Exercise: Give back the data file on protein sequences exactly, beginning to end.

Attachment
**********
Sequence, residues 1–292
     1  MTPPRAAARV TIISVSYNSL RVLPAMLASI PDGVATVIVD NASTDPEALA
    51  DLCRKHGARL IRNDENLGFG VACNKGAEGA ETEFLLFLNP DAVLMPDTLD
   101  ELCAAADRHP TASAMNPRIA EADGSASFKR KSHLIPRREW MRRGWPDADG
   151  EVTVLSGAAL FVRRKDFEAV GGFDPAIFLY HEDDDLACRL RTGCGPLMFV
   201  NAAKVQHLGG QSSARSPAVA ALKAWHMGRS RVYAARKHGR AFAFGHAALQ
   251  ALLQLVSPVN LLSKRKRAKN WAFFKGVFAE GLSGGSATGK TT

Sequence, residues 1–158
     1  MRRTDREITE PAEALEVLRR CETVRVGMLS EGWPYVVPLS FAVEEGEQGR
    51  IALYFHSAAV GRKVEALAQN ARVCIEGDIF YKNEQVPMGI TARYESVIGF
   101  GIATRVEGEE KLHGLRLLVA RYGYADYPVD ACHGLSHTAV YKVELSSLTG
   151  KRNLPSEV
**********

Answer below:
Sequence, residues 1–292
     1  MTPPRAAARV TIISVSYNSL RVLPAMLASI PDGVATVIVD NASTDPEALA
    51  DLCRKHGARL IRNDENLGFG VACNKGAEGA ETEFLLFLNP DAVLMPDTLD
   101  ELCAAADRHP TASAMNPRIA EADGSASFKR KSHLIPRREW MRRGWPDADG
   151  EVTVLSGAAL FVRRKDFEAV GGFDPAIFLY HEDDDLACRL RTGCGPLMFV
   201  NAAKVQHLGG QSSARSPAVA ALKAWHMGRS RVYAARKHGR AFAFGHAALQ
   251  ALLQLVSPVN LLSKRKRAKN WAFFKGVFAE GLSGGSATGK TT

Sequence, residues 1–158
     1  MRRTDREITE PAEALEVLRR CETVRVGMLS EGWPYVVPLS FAVEEGEQGR
    51  IALYFHSAAV GRKVEALAQN ARVCIEGDIF YKNEQVPMGI TARYESVIGF
   101  GIATRVEGEE KLHGLRLLVA RYGYADYPVD ACHGLSHTAV YKVELSSLTG
   151  KRNLPSEV